Cole Frey and Adam Block wanted a country wedding, outdoors, the young St. Cloud couple told KSTP.
So they picked a venue that fit the description: LeBlanc’s Rice Creek Hunting and Recreation in Little Falls.
But early into the planning Rice Creek's owners backed out, told the two the lodge wouldn't host a same-sex marriage and they'd have to find another place.
Six months later, LeBlanc's Rice Creek ins apologizing for denying the couple and paying for the couple's wedding as part of a settlement reached after Frey and Block brought their case to the Minnesota Department of Human Rights, the agency announced Friday.
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It's the first wedding case regarding public accommodation discrimination based on sexual orientation the department has handled.
"Now, people can learn from this. The law is the law," Frey told KSTP. "I stand up for what I believe is right, and I don't take kindly to people telling us that we can't do something that we're allowed to do."
Paul Rogosheke, the attorney representing the Rice Creek owners, said they realized a mistake was made "and we corrected it as quickly as possible.”
"We did everything we could to remedy it. We wish them the best,” he continued.
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Under the Minnesota Human Rights Act and its public accommodations statute, it's illegal for anyone publicly offering goods or services to deny a customer's purchase based on sexual orientation, race, religion and a host of other attributes. There are some religious exemptions when it comes to same-sex marriage.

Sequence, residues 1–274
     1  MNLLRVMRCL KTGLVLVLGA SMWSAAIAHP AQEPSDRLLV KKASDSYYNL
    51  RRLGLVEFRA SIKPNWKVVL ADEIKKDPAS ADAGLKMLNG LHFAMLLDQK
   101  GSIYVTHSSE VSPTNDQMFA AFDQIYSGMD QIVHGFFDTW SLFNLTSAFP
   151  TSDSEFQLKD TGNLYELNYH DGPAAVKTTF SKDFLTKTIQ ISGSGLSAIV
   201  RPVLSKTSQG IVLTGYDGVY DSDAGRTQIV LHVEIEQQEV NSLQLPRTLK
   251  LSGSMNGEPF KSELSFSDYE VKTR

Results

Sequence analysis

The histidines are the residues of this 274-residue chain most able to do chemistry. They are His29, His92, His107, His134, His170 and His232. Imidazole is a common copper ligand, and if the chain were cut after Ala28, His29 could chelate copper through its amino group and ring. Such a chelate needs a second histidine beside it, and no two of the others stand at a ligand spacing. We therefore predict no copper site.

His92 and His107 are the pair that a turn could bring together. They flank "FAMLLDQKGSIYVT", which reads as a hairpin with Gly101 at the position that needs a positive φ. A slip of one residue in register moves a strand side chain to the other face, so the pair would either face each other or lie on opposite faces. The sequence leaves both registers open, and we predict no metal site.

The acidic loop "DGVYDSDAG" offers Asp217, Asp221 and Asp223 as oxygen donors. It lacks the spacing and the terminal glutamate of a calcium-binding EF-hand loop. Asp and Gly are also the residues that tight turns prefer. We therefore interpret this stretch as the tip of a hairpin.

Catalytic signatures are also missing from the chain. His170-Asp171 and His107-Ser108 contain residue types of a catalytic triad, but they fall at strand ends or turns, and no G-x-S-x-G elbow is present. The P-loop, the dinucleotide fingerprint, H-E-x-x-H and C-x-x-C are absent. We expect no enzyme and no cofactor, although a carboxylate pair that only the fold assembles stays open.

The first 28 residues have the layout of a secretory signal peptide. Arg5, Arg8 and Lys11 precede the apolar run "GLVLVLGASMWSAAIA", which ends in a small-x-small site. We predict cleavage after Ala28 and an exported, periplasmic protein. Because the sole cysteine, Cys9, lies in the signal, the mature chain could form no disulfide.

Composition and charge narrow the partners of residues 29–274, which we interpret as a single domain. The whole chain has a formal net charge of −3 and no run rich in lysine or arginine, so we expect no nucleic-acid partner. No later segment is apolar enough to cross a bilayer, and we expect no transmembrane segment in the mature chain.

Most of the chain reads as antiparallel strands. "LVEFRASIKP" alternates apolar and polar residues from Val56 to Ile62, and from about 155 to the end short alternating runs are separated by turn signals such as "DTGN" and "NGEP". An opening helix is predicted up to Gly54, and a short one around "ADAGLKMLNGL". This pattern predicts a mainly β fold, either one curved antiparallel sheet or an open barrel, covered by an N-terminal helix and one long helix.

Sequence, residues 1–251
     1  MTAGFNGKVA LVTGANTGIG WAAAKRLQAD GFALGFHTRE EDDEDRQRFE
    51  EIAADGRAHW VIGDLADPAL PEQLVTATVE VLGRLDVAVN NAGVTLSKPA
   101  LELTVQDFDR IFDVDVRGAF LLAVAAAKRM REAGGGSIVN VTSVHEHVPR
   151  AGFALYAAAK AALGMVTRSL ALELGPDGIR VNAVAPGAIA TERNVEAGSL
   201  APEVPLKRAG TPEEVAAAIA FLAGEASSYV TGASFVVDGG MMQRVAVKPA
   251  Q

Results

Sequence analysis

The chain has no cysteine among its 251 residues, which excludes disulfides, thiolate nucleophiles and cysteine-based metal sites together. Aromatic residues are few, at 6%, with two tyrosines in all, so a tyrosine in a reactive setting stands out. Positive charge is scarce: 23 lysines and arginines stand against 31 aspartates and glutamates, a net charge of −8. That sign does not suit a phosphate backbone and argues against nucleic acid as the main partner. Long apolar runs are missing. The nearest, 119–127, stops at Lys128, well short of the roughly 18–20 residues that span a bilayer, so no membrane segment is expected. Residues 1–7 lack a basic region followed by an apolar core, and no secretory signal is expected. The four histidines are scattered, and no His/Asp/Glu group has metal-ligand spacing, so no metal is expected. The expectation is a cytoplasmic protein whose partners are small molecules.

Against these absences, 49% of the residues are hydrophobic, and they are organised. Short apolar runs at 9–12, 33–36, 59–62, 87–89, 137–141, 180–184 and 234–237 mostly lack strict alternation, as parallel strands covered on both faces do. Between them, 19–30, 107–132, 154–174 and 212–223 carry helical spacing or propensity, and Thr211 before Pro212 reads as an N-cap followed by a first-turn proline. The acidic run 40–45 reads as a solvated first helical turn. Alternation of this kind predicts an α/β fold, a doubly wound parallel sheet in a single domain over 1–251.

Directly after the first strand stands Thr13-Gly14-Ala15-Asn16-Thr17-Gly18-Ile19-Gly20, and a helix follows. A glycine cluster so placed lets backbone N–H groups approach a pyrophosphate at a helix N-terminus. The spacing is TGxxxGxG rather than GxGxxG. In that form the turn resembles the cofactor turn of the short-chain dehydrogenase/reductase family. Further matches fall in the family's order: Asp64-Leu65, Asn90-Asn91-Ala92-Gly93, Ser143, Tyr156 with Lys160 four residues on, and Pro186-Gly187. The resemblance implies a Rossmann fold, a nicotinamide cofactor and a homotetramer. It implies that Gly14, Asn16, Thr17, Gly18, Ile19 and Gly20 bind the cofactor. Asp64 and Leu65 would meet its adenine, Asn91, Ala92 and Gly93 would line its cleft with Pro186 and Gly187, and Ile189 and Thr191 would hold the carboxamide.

"[The settlement] serves as a reminder that businesses may not deny services based on a person’s sexual orientation just as they can’t deny services on the basis of race or gender,” Commissioner Kevin Lindsey said in the release.
Frey and Block tried to book the venue by telephone in February, KARE 11 says.
According to the Department of Human Rights release, the couple received initial information on prices and date availability. But when the venue later realized it was a same-sex wedding, the owner told the young couple to find another location.
So they went to Minnesota's human rights agency and filed a complaint.
As part of the department's investigation, they contacted Rice Creek and posed as a potential customer.
"The conversation between the hunting lodge representative and the test caller was very similar to Frey’s conversation," the release says.
A settlement was reached this week.The lodge will cover the cost of Frey and Block's ceremony, reception and accommodation for out-of-town guests (totaling about $8,500, KARE 11 notes), and agreed to comply with the Minnesota Human Rights Act in all future proceedings. The lodge also apologized for the incident.
The couple won't be holding their wedding there anymore however. KARE 11 says Rice Creek offered a September slot, but Frey and Block had already reserved the chapel at Camp Ripley for Aug. 29, and all their guests had made travel arrangements.